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Formerly incarcerated women share experiences at Beyond the Bars Conference panel

Attendees of Women Beyond Bars Initiative panel gather outside at the Westwood United Methodist Church. (Courtesy of Rafik Wahbi)

By Loan-Anh Pham

Jan. 25, 2022 1:57 p.m.

This post was updated Jan. 26 at 7:00 p.m.

UCLA community members and formerly incarcerated individuals gathered for an event to discuss incarceration’s impact on women.

The Beyond the Bars Conference seeks to open discussion on alternatives to current carceral systems, including transformative justice, said Robin Kello, a Beyond the Bars fellow who helped organize the conference over a nine-month period.

The conference’s theme was “Interdisciplinary Approaches to Abolition” and included various workshops that tackled the carceral system through policy, community healing and the arts.

More than 60 participants attended the Women Beyond Bars Initiative panel, held both in person at the Westwood United Methodist Church and over Zoom on Jan.16. The event was part of the larger Beyond the Bars Los Angeles Conference, hosted in collaboration with UCLA’s Prison Education Program.

WBBI takes a community-driven approach to supporting both incarcerated and formerly-incarcerated women – a population that receives less attention than incarcerated men, said Wendy Staggs, the initiative’s founder and a formerly incarcerated individual.

“When somebody’s been in there for 40 years, they don’t know how to use a computer or a phone, they don’t know how to speak to a legislator,” Staggs said. “We are going to build out a program where we have resources that people can get. I want to have a mentor program … I want to teach them how to tell their own story.”


(Courtesy of Rafik Wahbi)
Panelists from the Women Beyond Bars Initiative discussed how incarceration impacts women. (Courtesy of Rafik Wahbi)

The panelists, all formerly incarcerated at the California Institution for Women, discussed their experiences with the carceral system, from their last year in prison to their first year out and transitioning back to society.

Adjusting to life in society is a difficult process, as the formerly incarcerated contend with problems such as financial instability and stigmatization, said Diane Campos, a panelist at the event.

“You know, you don’t just sit in a cell when you’re in prison – you get up at six in the morning, you go to breakfast, you start your job at seven, you work eight hours, you go to an early dinner, then you go to class for four hours at night,” Campos said. “The girls coming out of CIW are worthy to take a look at as employees and tenants in your homes.”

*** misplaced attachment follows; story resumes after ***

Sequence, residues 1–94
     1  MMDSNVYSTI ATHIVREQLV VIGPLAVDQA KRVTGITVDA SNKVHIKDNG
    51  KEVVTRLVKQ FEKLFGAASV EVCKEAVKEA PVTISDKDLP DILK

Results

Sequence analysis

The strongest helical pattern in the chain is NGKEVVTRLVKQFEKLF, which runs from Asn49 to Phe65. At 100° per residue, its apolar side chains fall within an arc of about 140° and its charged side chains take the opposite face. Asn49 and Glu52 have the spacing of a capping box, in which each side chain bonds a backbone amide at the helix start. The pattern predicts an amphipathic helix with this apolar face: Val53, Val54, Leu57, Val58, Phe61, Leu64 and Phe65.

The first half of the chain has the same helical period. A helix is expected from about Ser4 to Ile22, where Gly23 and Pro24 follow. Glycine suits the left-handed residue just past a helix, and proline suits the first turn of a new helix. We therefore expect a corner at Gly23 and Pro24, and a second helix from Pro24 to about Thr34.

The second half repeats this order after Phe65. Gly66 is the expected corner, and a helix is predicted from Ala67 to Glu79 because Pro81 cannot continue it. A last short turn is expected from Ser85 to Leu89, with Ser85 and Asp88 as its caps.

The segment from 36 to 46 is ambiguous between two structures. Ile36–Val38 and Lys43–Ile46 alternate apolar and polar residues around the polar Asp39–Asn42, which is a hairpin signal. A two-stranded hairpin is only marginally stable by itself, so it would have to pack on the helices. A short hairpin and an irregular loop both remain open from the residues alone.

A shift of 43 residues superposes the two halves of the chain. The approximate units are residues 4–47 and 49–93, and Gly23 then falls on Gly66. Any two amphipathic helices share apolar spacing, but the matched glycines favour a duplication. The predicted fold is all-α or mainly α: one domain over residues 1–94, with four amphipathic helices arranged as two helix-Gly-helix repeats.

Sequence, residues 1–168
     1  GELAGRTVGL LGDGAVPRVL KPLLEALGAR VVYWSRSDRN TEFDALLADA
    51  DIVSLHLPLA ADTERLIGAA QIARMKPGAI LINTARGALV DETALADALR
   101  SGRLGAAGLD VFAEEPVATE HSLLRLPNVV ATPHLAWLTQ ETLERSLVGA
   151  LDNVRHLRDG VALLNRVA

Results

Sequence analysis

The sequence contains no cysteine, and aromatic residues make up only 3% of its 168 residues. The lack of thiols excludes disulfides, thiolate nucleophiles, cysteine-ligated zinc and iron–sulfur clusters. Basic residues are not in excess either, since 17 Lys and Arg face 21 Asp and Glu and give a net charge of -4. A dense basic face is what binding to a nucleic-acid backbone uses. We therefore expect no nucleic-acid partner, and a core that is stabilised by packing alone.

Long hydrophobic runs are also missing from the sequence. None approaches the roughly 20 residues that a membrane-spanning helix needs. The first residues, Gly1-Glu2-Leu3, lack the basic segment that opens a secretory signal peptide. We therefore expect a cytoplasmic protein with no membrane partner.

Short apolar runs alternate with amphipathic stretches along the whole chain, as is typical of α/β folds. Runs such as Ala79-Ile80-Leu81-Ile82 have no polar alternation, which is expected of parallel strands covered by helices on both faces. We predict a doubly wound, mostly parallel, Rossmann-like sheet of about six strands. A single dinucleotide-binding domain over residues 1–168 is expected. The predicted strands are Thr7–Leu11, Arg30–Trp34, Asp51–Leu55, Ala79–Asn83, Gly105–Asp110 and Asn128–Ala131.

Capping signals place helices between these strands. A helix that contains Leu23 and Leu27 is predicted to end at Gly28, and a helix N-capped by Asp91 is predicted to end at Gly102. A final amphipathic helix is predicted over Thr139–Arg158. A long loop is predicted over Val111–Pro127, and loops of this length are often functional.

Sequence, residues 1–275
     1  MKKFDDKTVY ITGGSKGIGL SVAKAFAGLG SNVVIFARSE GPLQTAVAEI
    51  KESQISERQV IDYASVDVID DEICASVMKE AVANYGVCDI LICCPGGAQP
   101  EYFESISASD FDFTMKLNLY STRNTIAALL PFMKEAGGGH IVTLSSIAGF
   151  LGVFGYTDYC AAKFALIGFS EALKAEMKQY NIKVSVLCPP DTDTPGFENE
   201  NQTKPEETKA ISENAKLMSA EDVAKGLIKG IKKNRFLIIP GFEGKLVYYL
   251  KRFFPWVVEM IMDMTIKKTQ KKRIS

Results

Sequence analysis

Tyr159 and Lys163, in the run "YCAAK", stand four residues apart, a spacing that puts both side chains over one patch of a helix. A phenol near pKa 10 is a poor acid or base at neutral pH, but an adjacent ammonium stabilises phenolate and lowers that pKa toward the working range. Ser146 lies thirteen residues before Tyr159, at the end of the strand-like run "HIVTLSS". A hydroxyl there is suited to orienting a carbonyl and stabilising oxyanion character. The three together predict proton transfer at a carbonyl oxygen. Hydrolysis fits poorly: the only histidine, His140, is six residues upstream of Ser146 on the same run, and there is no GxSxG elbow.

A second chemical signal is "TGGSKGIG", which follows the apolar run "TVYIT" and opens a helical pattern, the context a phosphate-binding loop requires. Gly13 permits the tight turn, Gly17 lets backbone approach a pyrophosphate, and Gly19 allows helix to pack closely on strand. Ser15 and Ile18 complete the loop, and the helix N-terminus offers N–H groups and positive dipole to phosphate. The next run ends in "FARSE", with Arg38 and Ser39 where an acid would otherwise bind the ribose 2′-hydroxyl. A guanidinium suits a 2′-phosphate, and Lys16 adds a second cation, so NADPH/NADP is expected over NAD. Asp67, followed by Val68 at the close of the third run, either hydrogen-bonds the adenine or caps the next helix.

Incarceration also leaves long-term mental health impacts, said April Adkins, a panelist.

“My biggest, biggest struggle and I’m struggling with it still … is the psychological trauma,” Adkins added. “You have to be perfect in order for them to see that you are worthy. I carried that on to jobs, I carried it on to relationships, I carried it onto myself and I beat myself up.”

WBBI aims to provide concrete support for formerly incarcerated women through financial literacy or transitional housing resources, Campos added.

UCLA has the ability and responsibility to engage in decarceration work, Kello said. Many of the UCLA community are impacted by incarceration, with family members in prison or students who themselves are formerly incarcerated, he added.

“(We) have the economic resources, the knowledge power, the cultural capital, to do that work of envisioning and creating a better future,” Kello said. “I mean, who the hell wants to live in a future where we put people in cages for their whole lives?”

At its core, incarceration is a system that needs to be addressed on multiple fronts, Staggs said.

“As a community, before we judge people that are incarcerated, maybe we should start asking ourselves, ‘How did they get there? What were the traumas that happened to them first, that took them down this road?’” Staggs said. “The best thing that we can do is offer humanity without judgment.”

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Loan-Anh Pham
Pham is a national news and higher education staff writer. She is a second-year transfer student at UCLA majoring in Communication and double minoring in Public Affairs and Gender Studies. Pham previously wrote for San José Spotlight and AsAmNews.
Pham is a national news and higher education staff writer. She is a second-year transfer student at UCLA majoring in Communication and double minoring in Public Affairs and Gender Studies. Pham previously wrote for San José Spotlight and AsAmNews.
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